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The participants of the first physical incarnation of Llan Dobhran have scattered to the winds geographically, and left as a marker a web page that seems to still touch people who stumble across it, even though our geographic dispersal has made us unable to continue the liturgical mission at this time.

We were never able to find very many people who wanted to do the hard work of creating... The new faces that we found always seemed to expect someone to tell them what to do, what to think, what to believe. They wanted to come to a ceremony, but they did not want to write a ceremony. In an environment like that, the loss of even one producing member is devastating to a group. Do I leave this page up as a memorial to something that perhaps failed to withstand the expectation of "Religion as Spectator Sport"? Or does it do a service in inspiring others to try similar endeavors in what may be more fertile soil than the harsh spiritual desert of the American midwest?

I've added a "dreambook" to this site where perhaps such a conversation can be facilitated:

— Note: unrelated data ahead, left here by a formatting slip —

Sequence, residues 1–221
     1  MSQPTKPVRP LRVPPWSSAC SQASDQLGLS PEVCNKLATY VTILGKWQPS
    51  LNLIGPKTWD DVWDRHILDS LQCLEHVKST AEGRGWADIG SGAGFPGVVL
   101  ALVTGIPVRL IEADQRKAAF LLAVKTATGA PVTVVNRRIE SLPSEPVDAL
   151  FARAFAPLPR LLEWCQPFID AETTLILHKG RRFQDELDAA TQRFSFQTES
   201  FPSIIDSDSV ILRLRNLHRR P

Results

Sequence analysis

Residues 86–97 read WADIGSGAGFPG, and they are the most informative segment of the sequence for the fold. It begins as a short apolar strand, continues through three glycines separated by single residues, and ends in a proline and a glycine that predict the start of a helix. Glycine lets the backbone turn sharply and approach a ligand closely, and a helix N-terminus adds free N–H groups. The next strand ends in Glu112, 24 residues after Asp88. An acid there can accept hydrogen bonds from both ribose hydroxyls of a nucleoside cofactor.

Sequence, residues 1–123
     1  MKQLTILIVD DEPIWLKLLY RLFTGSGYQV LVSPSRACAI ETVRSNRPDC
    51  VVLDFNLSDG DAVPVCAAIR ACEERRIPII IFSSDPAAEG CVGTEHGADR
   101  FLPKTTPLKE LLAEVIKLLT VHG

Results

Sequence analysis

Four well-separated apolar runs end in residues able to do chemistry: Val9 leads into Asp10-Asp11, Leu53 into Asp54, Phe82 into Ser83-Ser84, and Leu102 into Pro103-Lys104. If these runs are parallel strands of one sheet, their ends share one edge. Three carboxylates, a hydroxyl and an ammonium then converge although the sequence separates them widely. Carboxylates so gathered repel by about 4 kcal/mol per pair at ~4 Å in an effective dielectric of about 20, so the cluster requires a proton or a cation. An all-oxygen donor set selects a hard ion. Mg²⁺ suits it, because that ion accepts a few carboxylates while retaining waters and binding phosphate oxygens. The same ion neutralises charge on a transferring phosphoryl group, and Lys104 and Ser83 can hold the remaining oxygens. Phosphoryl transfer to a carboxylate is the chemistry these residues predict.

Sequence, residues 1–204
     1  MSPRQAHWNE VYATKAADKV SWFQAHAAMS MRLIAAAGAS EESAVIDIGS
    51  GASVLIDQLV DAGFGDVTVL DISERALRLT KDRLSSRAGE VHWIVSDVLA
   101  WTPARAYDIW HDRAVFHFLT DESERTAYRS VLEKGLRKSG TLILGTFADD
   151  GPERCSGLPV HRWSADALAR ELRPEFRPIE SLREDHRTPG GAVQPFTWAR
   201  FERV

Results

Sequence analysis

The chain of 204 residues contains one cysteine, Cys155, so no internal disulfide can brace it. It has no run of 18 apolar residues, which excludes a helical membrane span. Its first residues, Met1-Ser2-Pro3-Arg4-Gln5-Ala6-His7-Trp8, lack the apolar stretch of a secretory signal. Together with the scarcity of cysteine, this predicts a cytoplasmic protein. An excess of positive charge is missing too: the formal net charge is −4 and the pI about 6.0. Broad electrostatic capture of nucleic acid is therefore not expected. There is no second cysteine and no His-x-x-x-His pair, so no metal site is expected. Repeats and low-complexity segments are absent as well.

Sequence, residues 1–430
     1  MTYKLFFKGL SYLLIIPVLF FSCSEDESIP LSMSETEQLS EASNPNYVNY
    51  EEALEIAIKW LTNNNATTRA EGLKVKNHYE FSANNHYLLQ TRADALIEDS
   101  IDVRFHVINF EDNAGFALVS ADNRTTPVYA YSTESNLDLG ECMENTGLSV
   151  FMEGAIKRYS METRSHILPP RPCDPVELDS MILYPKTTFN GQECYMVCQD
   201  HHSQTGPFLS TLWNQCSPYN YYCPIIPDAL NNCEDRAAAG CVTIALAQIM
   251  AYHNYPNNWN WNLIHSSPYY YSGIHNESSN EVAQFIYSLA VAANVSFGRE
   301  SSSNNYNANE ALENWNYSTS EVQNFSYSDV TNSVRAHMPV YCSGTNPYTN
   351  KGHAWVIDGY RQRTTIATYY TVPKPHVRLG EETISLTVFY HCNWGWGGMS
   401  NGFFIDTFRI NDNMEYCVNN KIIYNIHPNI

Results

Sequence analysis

Read the Llan Dobhran Dreambook
Sign the Llan Dobhran Dreambook

February 2002 Update: Every once in awhile, I come in and touch this page, and today is such a day. I am occasionally doing ritual in a rather abbreviated and child-friendly form with a group of friends. We hit maybe half the sabbats if we are lucky, but it is something. If you've gone out and explored the larger site, you are aware that two years ago I had a major life-altering event and became a mother. My little toddler boy keeps me very busy, and is my major mundane and spiritual enterprise at the moment. I have also returned to the tarot studies (see here) and am working on writing a book about Tarot. I am also webmistress of a site called TarotReview.

Where Did You Read This? Where Can I Read More?

First of all, I'm only an expert in my own life. You must become an expert in YOUR own life. Just because I think so, why should you? I'm unaware of any book that will detail how to live your life as, or what to believe if you are a christo-pagan, whatever mythstream you're swimming in. (If there was such a book I would certainly not agree with all of it, I'm sure.) You will not find proof in the Bible for the taste of chocolate, yet is that not joyful? How do you learn about chocolate? What is the best book? Sorry, I cannot tell you that. Nothing substitutes for prayerful mediation and it is to God/dess that I must send you for authoritative answers. Look within, not in a book.